In early 2018, the tyrosine kinase inhibitor (TKI) nilotinib (Tasigna) joined imatinib (Gleevec) and dasatinib (Sprycel) as a treatment for pediatric patients with chronic myeloid leukemia (CML).
TKIs are currently the go-to treatment for these patients, as they are known to have a survival benefit, explained Briana Patterson, MD. However, there have been some concerns on the impact of TKI therapy on the endocrine systems of growing children. These off-target effects can stunt growth and may impact the reproductive system, she explained.
In an interview with OncLive,
Patterson, an assistant professor in the Division of Endocrinology, Aflac Cancer Center, Department of Pediatrics, Emory University School of Medicine, discussed the off-target effects of TKIs in pediatric patients with CML.
OncLive: What is the prevalence of TKI use in children?
: Since the early 2000s when TKIs were first approved for pediatrics, imatinib has been used extensively in pediatric CML. Within the last year, dasatinib and nilotinib have been approved for pediatric use in CML. Those are considered first-line agents for chronic-phase CML in children now. For children who have more acute presentations, or other treatment considerations, whether they should receive a TKI or undergo transplant is a question for the oncologist. For children who present with chronic-phase CML, a first- or second-generation TKI will be the drug of choice.
What is the concern with endocrine effects of TKIs in children?
Everyone became interested in this quite a few years ago. Imatinib was initially released to treat adults with CML, and was later approved to treat pediatric patients with CML. That drastically changed the way that we approach children with CML, and it greatly improved survival. However, as a class, TKIs have a lot of off-target effects.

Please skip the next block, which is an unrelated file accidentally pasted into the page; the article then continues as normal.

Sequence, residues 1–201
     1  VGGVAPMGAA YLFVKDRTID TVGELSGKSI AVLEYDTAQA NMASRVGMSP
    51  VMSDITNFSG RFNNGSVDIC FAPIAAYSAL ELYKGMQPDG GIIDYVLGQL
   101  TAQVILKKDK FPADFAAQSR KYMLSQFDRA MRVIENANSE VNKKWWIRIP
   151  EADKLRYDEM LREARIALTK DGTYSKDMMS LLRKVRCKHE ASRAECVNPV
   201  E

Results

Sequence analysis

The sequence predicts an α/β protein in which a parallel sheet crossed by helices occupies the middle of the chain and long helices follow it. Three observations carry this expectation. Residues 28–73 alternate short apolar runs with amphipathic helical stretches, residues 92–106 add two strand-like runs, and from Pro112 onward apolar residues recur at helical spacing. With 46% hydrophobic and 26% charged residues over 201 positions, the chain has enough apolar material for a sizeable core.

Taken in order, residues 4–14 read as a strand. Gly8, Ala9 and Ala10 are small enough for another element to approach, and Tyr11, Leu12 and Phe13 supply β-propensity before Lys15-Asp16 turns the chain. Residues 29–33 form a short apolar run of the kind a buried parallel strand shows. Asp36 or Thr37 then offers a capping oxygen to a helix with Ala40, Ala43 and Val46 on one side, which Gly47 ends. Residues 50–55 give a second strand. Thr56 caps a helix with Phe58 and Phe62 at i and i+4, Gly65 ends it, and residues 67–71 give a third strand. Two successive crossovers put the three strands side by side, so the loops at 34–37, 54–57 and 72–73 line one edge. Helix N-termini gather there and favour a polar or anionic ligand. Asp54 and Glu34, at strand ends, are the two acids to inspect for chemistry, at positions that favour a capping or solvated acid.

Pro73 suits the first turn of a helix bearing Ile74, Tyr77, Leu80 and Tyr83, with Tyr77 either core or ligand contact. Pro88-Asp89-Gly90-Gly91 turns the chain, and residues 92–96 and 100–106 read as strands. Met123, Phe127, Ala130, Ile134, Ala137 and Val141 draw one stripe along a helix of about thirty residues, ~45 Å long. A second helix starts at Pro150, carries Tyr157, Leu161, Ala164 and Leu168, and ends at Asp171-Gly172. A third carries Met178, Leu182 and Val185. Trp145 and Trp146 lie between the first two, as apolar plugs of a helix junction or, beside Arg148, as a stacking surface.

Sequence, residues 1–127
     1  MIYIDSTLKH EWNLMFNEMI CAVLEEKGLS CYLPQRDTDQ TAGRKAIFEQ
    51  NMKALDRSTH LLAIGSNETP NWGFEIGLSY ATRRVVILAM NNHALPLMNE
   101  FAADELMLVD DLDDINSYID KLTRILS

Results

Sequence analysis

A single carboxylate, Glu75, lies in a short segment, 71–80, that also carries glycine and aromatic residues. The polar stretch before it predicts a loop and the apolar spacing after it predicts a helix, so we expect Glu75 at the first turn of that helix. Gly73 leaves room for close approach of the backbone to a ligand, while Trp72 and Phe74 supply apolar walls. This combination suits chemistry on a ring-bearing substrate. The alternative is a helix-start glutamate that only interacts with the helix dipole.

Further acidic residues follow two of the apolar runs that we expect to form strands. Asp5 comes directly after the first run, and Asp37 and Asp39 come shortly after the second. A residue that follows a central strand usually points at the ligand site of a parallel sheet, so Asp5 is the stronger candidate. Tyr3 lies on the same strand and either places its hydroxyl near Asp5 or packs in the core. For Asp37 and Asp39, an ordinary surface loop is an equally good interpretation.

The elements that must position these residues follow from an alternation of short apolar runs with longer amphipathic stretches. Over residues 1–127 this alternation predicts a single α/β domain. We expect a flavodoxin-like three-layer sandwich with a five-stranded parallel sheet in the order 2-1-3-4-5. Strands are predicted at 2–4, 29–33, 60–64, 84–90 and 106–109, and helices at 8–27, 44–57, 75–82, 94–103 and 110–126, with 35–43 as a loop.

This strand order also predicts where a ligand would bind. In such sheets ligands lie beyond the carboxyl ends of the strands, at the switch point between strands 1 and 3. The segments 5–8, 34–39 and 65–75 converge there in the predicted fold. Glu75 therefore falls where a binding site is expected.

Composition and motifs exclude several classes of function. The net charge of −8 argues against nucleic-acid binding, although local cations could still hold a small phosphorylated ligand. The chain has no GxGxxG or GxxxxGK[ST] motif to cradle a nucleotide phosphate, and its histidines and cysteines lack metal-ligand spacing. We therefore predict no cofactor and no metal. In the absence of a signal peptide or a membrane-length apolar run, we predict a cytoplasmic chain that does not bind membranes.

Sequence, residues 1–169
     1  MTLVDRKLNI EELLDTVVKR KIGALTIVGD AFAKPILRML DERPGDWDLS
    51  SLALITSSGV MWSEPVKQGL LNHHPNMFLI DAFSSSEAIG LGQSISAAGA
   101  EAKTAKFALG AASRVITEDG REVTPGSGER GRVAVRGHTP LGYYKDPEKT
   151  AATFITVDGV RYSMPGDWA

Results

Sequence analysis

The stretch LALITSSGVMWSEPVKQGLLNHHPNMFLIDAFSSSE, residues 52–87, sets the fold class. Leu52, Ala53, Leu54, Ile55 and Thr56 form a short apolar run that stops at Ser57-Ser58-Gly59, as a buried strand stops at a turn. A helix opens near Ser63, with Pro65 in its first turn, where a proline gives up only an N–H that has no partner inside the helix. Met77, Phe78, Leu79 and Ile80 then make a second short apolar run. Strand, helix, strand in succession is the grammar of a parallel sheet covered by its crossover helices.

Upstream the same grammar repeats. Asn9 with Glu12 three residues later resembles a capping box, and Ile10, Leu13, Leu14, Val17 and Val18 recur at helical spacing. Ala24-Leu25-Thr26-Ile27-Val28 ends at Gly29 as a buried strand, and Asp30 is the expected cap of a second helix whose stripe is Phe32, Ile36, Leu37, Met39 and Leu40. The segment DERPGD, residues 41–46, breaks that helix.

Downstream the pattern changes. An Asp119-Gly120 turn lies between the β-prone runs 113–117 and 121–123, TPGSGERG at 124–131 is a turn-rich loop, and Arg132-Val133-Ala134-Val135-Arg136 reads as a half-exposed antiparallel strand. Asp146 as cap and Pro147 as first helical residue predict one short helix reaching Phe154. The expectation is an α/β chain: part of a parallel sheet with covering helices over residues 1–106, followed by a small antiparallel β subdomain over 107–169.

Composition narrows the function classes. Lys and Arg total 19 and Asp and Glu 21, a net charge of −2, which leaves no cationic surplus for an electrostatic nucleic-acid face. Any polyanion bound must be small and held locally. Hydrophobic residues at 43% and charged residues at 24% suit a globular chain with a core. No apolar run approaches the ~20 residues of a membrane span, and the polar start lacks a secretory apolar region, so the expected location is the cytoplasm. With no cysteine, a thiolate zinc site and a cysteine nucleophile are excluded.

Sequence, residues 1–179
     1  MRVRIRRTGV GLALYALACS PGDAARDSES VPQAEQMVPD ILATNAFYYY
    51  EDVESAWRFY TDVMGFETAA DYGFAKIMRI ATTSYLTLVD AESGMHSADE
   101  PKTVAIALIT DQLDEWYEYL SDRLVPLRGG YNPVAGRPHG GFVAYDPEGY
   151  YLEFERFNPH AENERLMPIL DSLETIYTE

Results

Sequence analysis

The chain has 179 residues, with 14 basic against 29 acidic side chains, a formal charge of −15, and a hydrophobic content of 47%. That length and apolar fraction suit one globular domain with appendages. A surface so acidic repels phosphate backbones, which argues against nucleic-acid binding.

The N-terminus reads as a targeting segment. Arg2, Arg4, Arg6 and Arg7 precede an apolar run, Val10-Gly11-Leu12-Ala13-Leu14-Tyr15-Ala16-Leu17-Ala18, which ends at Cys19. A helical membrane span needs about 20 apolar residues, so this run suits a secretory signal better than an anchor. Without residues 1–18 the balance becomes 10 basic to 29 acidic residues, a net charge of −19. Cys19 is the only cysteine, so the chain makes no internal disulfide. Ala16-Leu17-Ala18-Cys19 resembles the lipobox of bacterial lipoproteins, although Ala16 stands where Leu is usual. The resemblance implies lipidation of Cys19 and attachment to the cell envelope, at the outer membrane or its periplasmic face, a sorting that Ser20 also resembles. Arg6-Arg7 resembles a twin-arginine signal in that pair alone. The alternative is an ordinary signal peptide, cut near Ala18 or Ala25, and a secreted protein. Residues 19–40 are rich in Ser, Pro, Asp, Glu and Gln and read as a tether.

Therefore, the goal of the drug is to interact with this particular receptor target to address the CML, but there are many other TKI-associated receptor systems within the body—particularly the endocrine system. These types of drugs can interact with them. All of the TKI drugs interact with those receptors to some extent; however, each specific agent has a somewhat unique profile and different [mechanism of] action.
How can TKIs affect pediatric patients in the long-term?
Pediatric patients with CML are very different than adult patients with CML, predominantly because they are still growing. More or less, across the board with TKIs in children, we do see decreased linear growth velocity; therefore, children become shorter than their peers, which is a concern. Likewise, it can impact things like thyroid function, which is also important in children for growth, metabolism, and cognition. It can also affect things such as glucose metabolism.
A unique concern in pediatrics is that there is very little known about the impact of TKIs on reproductive health. That is less of an issue if you are talking about the typical geriatric-aged CML population. However, if you are talking about young children, their future reproductive potential needs to be understood; this will be a source of concern for the parents, and ultimately, the patients.
What is important for oncologists to understand when treating pediatric patients with TKIs?
The main message would be to monitor their growth, consider referral to an endocrinologist if they see problems, and keep an eye on things that are modifiable. We know that TKIs affect a variety of aspects of bone health and bone metabolism, and it can cause phosphatemia. Keep an eye on calcium levels, phosphate levels, and vitamin D levels, since you can modify those and keep them normal when the patient is on the therapy. Also, just monitor for any other subtle endocrine changes in respect to thyroid or glucose metabolism.
Moving forward, what other challenges would you like to see addressed?
Certainly, one of the things that needs to be addressed going forward is the impact on reproductive health, and trying to understand what the agent-specific effects of each TKI are in terms of endocrine toxicities. We know that not all these drugs are exactly the same; they interact with different TKI receptors in different ways, so we would like to know exactly what drugs do what.